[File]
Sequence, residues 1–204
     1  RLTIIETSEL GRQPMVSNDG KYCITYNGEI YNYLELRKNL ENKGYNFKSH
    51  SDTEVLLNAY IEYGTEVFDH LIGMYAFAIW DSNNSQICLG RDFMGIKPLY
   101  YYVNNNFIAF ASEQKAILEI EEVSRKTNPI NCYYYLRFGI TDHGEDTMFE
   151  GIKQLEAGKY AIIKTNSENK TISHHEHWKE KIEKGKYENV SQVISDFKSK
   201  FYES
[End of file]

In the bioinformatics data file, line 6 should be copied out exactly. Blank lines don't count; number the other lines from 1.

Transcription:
   201  FYES